History of Brown University

The history of Brown University spans 250 years. Chartered in 1794 as "the College or University in the English Colony of Rhode Island and Providence Plantations, in New England, in America" and known in its early years as Rhode Island College, Brown's history is closely related to that of Rhode Island and greater New England.

Founding of BrownEdit

First Brown President and Delegate to the Congress of the Confederation James Manning. Detail from an oil painting by Cosmo Alexander, 1770; in University Hall, Brown University, Providence, R.I.
This copper-plate engraving from 1795 is the first known image of Brown. The original campus was a single academic building that was later named University Hall.

In 1763, The Reverend James Manning, a Baptist minister and an alumnus of the College of New Jersey (predecessor to today's Princeton University), was sent to Rhode Island by the Philadelphia Association of Baptist Churches in order to found a college.[1] Providence Plantations, having been the colony founded by Baptist exile and church founder, Roger Williams in the 1630s. At the same time, local Congregationalists, led by future Yale College president Ezra Stiles, were working toward a similar end. The inaugural board meeting of the Corporation of the College in the English Colony of Rhode Island & Providence Plantations was held in the Old Colony House in Newport, Rhode Island. Former Royal Governors of Rhode Island under King George III Stephen Hopkins and Samuel Ward as well as leading Baptists the Reverend Isaac Backus and the Reverend Samuel Stillman were among those who played an instrumental role in Brown's foundation and later became American revolutionaries. On March 3, 1764, a charter was filed to create the College, reflecting the work of both Stiles and Manning. The university charter was executed under the authority of King George III.

The charter had more than sixty signatories, including the brothers John, Nicholas and Moses of the Brown family, who would later inspire the College's modern name following a gift bestowed by Nicholas Brown, Jr. The college's mission, the charter stated, was to prepare students "for discharging the Offices of Life with usefulness & reputation" by providing instruction "in the Vernacular and Learned Languages, and in the liberal Arts and Sciences."[2] The charter's language has long been interpreted by the university as discouraging the founding of a business school or law school. Brown continues to be one of only two Ivy League colleges with neither a business school nor a law school (the other being Princeton).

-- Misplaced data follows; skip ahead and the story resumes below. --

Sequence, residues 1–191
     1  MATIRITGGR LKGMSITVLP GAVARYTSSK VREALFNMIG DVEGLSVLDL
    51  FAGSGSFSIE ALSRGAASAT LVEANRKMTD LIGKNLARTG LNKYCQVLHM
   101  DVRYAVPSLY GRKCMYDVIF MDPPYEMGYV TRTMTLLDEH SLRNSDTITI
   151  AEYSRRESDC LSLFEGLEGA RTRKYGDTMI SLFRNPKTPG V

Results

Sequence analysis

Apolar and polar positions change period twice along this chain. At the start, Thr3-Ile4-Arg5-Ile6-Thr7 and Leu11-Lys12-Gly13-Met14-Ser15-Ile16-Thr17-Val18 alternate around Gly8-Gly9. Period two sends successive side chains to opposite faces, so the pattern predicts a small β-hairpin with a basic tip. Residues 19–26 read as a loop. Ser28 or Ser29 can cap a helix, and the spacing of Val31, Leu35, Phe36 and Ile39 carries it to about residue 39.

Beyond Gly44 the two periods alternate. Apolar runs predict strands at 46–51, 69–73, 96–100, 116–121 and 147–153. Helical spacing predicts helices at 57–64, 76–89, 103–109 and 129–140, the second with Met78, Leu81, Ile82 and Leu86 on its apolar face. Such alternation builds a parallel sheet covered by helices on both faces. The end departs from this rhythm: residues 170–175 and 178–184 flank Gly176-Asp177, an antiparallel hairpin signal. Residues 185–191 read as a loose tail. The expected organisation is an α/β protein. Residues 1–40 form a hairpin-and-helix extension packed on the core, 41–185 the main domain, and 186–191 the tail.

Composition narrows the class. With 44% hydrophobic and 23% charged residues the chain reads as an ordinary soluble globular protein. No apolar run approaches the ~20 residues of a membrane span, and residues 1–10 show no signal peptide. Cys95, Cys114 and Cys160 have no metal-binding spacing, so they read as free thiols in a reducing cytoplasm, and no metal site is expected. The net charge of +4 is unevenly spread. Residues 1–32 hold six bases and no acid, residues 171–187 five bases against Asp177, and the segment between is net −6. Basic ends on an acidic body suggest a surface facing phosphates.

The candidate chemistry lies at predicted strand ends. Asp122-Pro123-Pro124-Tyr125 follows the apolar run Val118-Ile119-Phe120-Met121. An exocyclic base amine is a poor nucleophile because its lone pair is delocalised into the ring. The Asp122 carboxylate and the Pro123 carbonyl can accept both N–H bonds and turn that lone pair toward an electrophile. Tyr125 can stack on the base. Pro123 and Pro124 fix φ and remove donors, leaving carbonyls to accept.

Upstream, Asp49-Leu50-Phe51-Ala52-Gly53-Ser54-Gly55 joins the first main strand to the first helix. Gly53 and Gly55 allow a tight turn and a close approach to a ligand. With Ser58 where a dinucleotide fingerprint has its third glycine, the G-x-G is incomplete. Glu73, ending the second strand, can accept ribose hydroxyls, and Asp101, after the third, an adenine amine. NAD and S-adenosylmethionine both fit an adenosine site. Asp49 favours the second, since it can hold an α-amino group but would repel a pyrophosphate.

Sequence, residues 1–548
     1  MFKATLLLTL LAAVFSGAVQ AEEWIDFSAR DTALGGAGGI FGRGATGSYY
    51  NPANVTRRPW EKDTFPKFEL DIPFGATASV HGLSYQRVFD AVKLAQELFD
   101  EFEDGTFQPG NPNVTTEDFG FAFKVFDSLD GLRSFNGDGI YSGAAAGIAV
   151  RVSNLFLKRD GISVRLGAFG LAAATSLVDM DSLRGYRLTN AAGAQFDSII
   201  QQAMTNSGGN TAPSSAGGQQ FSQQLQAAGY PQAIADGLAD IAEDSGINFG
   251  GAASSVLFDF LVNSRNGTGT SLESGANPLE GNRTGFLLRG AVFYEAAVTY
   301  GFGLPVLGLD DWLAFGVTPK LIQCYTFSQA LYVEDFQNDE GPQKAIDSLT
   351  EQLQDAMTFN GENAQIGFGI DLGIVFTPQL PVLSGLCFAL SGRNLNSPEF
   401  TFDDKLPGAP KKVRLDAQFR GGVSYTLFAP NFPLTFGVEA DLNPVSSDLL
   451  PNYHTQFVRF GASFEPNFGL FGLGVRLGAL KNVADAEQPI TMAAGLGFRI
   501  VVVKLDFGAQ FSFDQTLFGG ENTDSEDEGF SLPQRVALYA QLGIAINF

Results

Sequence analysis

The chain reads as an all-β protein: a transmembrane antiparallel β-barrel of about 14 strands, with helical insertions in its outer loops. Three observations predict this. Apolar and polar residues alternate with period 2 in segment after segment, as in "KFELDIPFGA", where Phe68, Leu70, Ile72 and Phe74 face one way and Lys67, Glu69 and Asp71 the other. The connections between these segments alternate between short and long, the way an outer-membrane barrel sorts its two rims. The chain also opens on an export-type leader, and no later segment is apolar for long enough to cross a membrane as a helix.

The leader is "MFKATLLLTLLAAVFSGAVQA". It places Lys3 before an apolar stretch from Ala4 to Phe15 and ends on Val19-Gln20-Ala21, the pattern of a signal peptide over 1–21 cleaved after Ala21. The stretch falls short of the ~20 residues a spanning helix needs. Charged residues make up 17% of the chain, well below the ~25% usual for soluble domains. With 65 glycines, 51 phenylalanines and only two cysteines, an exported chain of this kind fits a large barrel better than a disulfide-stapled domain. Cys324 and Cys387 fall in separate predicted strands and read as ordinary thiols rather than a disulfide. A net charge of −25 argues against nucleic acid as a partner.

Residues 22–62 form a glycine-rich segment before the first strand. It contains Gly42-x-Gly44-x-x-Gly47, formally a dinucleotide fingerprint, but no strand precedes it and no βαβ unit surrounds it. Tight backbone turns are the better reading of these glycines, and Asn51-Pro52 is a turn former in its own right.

The charter required that the makeup of the board of thirty-six trustees include twenty-two Baptists, five Friends, four Congregationalists, and five Church of England members, and by twelve Fellows, of whom eight, including the President, should be Baptists "and the rest indifferently of any or all denominations." It specified that "into this liberal and catholic institution shall never be admitted any religious tests, but on the contrary, all the members hereof shall forever enjoy full, free, absolute, and uninterrupted liberty of conscience." One of the Baptist founders, John Gano, had also been the founding minister of the First Baptist Church in the City of New York. The Encyclopædia Britannica Eleventh Edition remarks that "At the time it was framed the charter was considered extraordinarily liberal" and that "the government has always been largely non-sectarian in spirit."[3]In commemoration of this history, each spring for over two centuries, faculty and the graduating class proceed down the hill, in academic dress, to the grounds of the First Baptist Meeting House (erected in 1774, "for the publick Worship of Almighty GOD and also for holding Commencement in") to publicly confer the bachelor's degree.[4]

Watercolor painting by Richard Rummell from that depicts an aerial view of campus in 1908. Although the John Hay Library had not yet been built, the design had been approved so the artist included it.

The college was founded as Rhode Island College, on the site of the First Baptist Church at the corner of Main and Miller Streets in Warren, Rhode Island.[5] The first commencement was held in Warren in September 1769.[5] The original church building was burned to the ground by British and Hessian soldiers in 1778, and the present First Baptist Church stands on the original site.[5] However, the College had already moved in 1770 to its present location on College Hill in the East Side of Providence. The first building, the College Edifice, was renamed University Hall in 1823.

James Manning was sworn in as the College's first president in 1765. His tenure ended in 1791.

Hope College (left) was built in 1822, while Manning Hall (right) was built in 1834.

The Brown family — Nicholas, John, Joseph and Moses — were instrumental in the move to Providence, funding and organizing much of the construction of the new buildings. The family's connection with the college was strong: Joseph Brown became a professor of Physics at the University, and John Brown served as treasurer from 1775 to 1796. In 1804, a year after John Brown's death, the University was renamed Brown University in honor of John's nephew, Nicholas Brown, Jr., who was a member of the class of 1786 and in 1804 contributed $5,000 toward an endowed professorship. In 1904, the John Carter Brown Library was opened as a research center on Americas based on the libraries of John Carter Brown and his son John Nicholas Brown.